For the New Orleans Saints' coaching staff, the chance to get a good first look at the six players they selected in the draft last month wasn't the only objective when they held a three-day rookie minicamp.
Since the arrival of coach Sean Payton in 2006, the Saints have used the rookie minicamp to take a look not only at their picks and the undrafted free agents they signed in the hours after the draft, they've taken advantage of the opportunity to kick the tires on a few veterans as well with nothing to lose.
While the Saints were eager to get their two first-round draft picks -- Ohio State cornerback Marshon Lattimore and Wisconsin tackle Ryan Ramczyk -- integrated into their system, they had their eyes on a lot of other players.
"Listen, he is doing well like the rest of these guys," Payton said of Lattimore, who was expected to be a top-five or top-six pick before falling to the Saints at No. 11. "He's going out there and getting the calls. They're getting a lot installed right now, but he's a quick study and he's picked it up."
Ramczyk, who was chosen 32nd overall with the pick the Saints received from the New England Patriots in the Brandin Cooks trade, has been something of a surprise. The potential heir apparent at right tackle to veteran Zach Strief, Ramczyk had surgery on a torn labrum in his hip in January and wasn't expected to be ready until training camp.
But he arrived at minicamp ahead of schedule in his rehab and could participate before the Saints wind up their off-season work in mid-June.
"He's receiving a lot of work, but he's not receiving the team work," Payton said. "He probably is three to four weeks out with his labrum, but he's picking things up very quickly. He's in good shape and much further along than really we anticipated even with his surgery. It's been good, been a good exposure."
Getting a chance to see safety Marcus Williams (second round) and running back Alvin Kamara, linebacker Alex Anzalone and defensive end Trey Hendrickson (all third-rounders) was important as well. Especially Anzalone, who might have been picked higher had he not had some injury problems at Florida.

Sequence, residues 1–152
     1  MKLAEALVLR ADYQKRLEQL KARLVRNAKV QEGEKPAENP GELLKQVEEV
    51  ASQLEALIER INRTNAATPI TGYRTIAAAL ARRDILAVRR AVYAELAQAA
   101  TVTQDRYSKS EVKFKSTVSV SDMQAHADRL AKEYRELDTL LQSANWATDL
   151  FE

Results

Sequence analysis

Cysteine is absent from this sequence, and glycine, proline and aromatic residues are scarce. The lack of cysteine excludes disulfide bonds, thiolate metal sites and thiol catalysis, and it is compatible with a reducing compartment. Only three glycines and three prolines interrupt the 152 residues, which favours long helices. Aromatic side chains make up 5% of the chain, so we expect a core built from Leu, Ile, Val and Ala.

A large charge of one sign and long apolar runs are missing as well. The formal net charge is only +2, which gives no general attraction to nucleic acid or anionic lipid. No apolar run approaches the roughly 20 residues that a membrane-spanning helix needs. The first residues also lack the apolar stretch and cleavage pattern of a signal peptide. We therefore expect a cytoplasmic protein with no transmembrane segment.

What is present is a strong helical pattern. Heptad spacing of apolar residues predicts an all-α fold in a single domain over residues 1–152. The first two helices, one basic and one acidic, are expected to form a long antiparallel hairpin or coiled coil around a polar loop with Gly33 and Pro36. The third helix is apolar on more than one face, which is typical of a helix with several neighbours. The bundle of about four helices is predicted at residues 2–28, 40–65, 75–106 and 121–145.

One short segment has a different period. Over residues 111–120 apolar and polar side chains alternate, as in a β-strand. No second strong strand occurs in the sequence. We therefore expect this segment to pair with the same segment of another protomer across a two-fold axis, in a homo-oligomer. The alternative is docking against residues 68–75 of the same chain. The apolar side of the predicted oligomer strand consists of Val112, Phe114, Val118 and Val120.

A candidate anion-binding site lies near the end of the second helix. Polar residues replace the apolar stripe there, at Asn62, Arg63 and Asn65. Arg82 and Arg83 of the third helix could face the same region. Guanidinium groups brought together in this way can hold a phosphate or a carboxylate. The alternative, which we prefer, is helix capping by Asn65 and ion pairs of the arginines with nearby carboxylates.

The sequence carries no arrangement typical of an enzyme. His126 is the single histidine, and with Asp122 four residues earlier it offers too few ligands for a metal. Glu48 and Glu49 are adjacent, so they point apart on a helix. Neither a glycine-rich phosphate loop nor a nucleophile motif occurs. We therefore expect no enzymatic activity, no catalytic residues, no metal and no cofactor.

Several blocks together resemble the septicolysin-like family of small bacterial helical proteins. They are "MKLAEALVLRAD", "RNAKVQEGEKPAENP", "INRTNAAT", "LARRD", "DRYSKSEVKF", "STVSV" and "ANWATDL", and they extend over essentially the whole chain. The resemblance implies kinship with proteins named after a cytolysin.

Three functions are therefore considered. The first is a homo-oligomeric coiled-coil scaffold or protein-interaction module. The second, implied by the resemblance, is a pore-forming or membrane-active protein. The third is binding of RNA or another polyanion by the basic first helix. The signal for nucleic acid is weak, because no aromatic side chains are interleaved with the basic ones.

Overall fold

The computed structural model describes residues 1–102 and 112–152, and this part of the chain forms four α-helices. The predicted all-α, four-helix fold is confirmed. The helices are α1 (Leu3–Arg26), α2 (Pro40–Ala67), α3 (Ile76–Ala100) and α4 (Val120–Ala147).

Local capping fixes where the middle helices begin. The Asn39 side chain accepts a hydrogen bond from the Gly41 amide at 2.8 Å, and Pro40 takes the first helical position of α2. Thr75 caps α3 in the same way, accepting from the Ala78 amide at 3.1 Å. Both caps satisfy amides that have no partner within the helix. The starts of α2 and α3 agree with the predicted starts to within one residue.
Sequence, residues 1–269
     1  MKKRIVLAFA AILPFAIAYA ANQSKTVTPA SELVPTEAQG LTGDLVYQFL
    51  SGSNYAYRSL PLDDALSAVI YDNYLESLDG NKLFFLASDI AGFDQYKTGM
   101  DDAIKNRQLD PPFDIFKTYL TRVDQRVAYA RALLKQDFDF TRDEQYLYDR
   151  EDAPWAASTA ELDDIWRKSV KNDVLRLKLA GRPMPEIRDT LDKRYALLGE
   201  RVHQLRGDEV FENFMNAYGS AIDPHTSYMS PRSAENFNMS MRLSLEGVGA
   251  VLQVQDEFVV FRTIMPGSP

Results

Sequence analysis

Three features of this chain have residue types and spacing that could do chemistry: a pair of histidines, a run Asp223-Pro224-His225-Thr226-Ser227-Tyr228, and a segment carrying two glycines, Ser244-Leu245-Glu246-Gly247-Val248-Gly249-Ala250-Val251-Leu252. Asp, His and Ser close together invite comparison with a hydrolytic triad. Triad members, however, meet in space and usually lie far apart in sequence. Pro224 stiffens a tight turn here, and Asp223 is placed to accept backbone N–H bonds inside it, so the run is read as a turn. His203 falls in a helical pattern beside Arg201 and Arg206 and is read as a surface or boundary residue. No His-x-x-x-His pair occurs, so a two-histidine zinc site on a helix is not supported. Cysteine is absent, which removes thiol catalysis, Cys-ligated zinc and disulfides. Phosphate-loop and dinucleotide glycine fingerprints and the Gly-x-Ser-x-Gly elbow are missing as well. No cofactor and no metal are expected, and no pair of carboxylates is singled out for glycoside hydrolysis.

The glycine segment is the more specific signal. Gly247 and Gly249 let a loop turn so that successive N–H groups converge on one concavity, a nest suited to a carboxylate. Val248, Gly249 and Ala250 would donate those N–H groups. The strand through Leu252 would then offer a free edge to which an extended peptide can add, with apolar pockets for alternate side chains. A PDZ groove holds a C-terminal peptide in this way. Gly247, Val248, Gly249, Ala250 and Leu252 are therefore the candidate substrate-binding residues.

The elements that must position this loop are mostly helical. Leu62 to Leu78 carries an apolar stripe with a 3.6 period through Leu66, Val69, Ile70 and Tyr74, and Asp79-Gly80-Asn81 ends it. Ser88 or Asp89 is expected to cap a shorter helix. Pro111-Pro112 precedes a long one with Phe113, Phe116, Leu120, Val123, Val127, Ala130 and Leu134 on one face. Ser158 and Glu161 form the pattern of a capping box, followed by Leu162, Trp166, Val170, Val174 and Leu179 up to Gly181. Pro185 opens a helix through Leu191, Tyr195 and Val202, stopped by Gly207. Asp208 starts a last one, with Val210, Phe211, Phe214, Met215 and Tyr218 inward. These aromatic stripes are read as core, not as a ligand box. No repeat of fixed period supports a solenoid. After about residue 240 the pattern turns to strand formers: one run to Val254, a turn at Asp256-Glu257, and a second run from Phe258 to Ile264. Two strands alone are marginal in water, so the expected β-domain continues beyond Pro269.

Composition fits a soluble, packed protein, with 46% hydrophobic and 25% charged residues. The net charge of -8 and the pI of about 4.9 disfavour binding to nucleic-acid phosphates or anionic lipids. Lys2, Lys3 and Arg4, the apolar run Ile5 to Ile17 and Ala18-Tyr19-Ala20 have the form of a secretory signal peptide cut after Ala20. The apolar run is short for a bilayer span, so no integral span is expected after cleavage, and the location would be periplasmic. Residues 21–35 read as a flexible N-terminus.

Payton said he has the ability to play the Will and Mike spots and possibly Sam as well for a team that is perennially searching for linebackers.
At the same time, the Saints wanted to make sure they are leaving no stone unturned in bringing in 50 players on a tryout basis -- including five veterans -- as well as the free agents they've already signed even if it is a difficult process.
"Every year, we can find Jake Lampman, we can find Khiry Robinson, we can find Billy Miller, we can find these players that were tryout players," Payton said. "Certainly, with the way you're practicing it's a little bit harder to do.
"But we watch the tape with the scouts and look at every drill trying to make sure we're properly evaluating every one of these guys. Not just the guys that are under contract, but the 55 players who are here for a three-day workout."
The Saints were missing one of their top undrafted free agents when they held their rookie minicamp.
According to the NFL Transactions report on Friday, the first day of their minicamp, the team waived rookie guard Collin Buchanan with a "left squad" designation. Buchanan, a former Miami (Ohio) standout who started 33 games during his college career, was one of the Saints' top signees after the draft. He was a second-team All-Mid American Conference pick this past season.
The 6-foot-5, 316-pound Buchanan started 12 games at right tackle in 2016 and was one of the reasons Miami (Ohio) averaged 136.3 yards rushing per game last season.
As a priority free agent, Buchanan was given a $10,000 signing bonus and was guaranteed $10,000 of his base salary, according to the New Orleans Advocate.
"Thursday night we met, Friday he came in and spent some time in my office and he felt confident he didn't want to play anymore," Payton said Saturday. "That happens from time to time.
"Look, I told him this ... and it's the truth, really, it's not for everyone," Payton added. "He was just one of those players that felt like he was ready to get on with his next life job."
Needing extra bodies to get through a three-day minicamp, the Saints, as they usually do, brought a handful of veteran players in on a tryout basis this weekend.
Among the players trying out were offensive linemen Bryce Harris and Khalif Barnes, who both have a little history with the team; wide receiver Louis Murphy and tight end Clay Harbor.
Harris played with the Saints from 2012 to 2014 before playing with the Atlanta Falcons, Jacksonville Jaguars and Miami Dolphins the last two seasons. Barnes was signed several times last season as an injury fill-in.
Murphy previously played with the Oakland Raiders and Tampa Bay Buccaneers. Last season, he played in six games with the Bucs and caught 10 passes for 198 yards. Harbor has been in the league since the 2010 season, playing for the Eagles, Lions, Patriots and Jaguars during that time.
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